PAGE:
While seemingly uncommon, recent privacy events have shown that companies as diverse as Apple, Disney, and Cisco have been affected by privacy loss in similar circumstances. An example of note includes China’s data localization law that required Apple to partner with a local cloud services company, GCBD, to store all user content uploaded as part of its iCloud service. According to the terms of service, “Apple and GCBD have the right to access your data stored on its servers. This includes permission sharing, exchange, and disclosure of all user data […].” Any Chinese company using Apple services such as iCloud could have their data (and potentially their partner foreign company’s data) stolen at will. Apple’s experience demonstrates that companies must factor in the requirements of local laws and integrity of the legal system when evaluating the risks of vendors and clients.
|Track countries whose privacy laws around data storage align with the regulations to which your company is subject. Conduct an internal gap assessment to see where data is transferred or stored in countries not in alignment. Data stored in countries without adequate privacy measures should be encrypted using passwords known only to the trusted local entity and your own organization.||Data stored in a cloud server in a sensitive country can be subject to surveillance and seizures. Even if the data stored on the local server is encrypted at source, the authorities may collect metadata or demand that the local entity provide an unencrypted version.|
|If storing information in particular regions is not possible due to data localization requirements or transmission risks, data storage and processing should be consolidated in the country of domicile of the client (minimization, limitation, and migration). All sensitive tasks should be compartmentalized to avoid the need for information transfer between the data collection, analysis, and management stages.||While complete data migration may be infeasible for many companies, adhering to the principals of minimization and limitation will naturally limit the transfer of information to destinations where processing is not necessary to the purpose. Keeping all data storage in a similar region of processing, whether or premise or through a continental provider, allows an organization to enact additional security precautions, such as self-destruction of the data after a certain time period or detection of unauthorized access.|
|If third parties in extraterritorial locales must be used to analyze data, use homomorphic encryption techniques. Homomorphic encryption allows for encrypted data to be processed without the need for decryption. Secure multiparty computing can also be used to “split” the input into multiple discrete parts; each part can be sent to different parties for evaluation.||Homomorphic encryption allows for end-to-end encrypted data processing. Since the data does not need to be decrypted before analysis is performed, homomorphic encryption is useful when the third-party cloud provider has a high risk of being compromised. However, calculations with homomorphically-encrypted data tend to be very resource consuming, so organizations will need to carefully weigh the costs and the benefits. Secure multiparty computing is a more cost-friendly alternative that works by separating data into distinct chunks which are sent to different third parties. As a principal, companies should invest in their data protection capabilities and see this as a space for competitive innovation against the benefit of increasing free-flowing data.|
|Update your clear-desk policies, mobile and laptop device policies, and all others to reflect the appropriate level of access and security demands. Paper copies should be avoided, and decryption passwords for electronic media should be known only by designated persons at the local entity and your organization – not by the traveler carrying the information. These policies should be accompanied with associated trainings set periodically.||Paper-based and unencrypted electronic media is subject to interception, particularly when passing through closely-monitored environments such as border checkpoints. Mobile devices are a high security risk because they are carried on one’s person and can easily be intercepted.|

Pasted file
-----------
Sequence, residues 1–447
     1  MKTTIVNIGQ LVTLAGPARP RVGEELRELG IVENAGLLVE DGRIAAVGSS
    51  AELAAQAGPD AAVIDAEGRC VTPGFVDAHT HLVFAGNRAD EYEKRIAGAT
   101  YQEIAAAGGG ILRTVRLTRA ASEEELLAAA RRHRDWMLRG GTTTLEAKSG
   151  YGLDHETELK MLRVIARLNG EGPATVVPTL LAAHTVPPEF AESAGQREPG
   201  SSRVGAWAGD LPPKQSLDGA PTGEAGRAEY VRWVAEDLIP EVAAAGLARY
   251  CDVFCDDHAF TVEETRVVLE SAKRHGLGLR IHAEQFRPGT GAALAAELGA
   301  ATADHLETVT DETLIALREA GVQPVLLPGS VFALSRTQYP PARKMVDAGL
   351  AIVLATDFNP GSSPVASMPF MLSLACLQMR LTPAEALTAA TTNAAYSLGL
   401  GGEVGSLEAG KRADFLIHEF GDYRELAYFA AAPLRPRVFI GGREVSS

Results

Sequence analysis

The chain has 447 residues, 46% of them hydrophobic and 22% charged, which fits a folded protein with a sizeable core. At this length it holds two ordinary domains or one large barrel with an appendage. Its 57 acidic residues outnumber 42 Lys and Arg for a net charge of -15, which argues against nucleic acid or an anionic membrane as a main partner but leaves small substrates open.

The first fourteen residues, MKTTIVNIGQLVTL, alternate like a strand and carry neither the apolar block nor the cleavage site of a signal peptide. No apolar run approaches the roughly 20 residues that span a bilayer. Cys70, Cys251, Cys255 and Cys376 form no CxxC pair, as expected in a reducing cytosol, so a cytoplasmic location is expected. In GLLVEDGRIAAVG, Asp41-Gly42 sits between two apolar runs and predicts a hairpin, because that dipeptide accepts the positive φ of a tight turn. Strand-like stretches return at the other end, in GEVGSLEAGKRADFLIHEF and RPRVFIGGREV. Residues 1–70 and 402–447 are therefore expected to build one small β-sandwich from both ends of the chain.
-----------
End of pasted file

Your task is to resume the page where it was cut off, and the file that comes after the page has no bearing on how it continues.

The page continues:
|Employ multi-agent encryption methods, such as Shamir’s Secret Sharing, to encrypt all sensitive information. For example, five individuals could each be given a unique key for an encrypted sensitive document; using a secret sharing method, this document can be decrypted by any three keyholders.||By ensuring that documents can only be decrypted if multiple people provide their keys, sensitive information can be kept secure even when a person’s key (or multiple keys) are compromised. It also allows for redundancy: only a certain number of keyholders are needed to decrypt the document. Companies also have the flexibility to assign different levels of information access. For example, senior members of a company could be given more decryption keys and therefore require less keyholders to decrypt sensitive information.|
Keeping your data safe extraterritorially can be challenging, particularly given the changing regulatory landscape. However, with the proper use of electronic tools and well-governed data policies, any organization can mitigate or remove the risk of operating in jurisdictions with conflicting data protection and privacy standards.
Sia Partners has extensive experience helping organization enact best practices in cybersecurity. With market-leading expertise in Cyber Risk Management and Data Privacy, Sia Partners can help your organization draft an information security policy that fits your needs. Our global consultancy practice can assist with third-party risk assessment, compliance with privacy laws in multiple jurisdictions, and integration of the latest cybersecurity tools into your daily workflow. In addition, Sia’s Cyber e-Learning platform can help turn your organization’s employees into cybersecurity professionals, as well as build resilience and practical know-how for crisis situations. We also offer proprietary AI tools to help your organization monitor and adapt to emerging cybersecurity threats.
With 100+ projects delivered, Sia Partners has extensive experience helping companies reinforce their Privacy Policies, Procedures, and Standards. Additionally, our Centers of Excellence have developed technical AI solutions to support the maturity of your organization’s Privacy Program.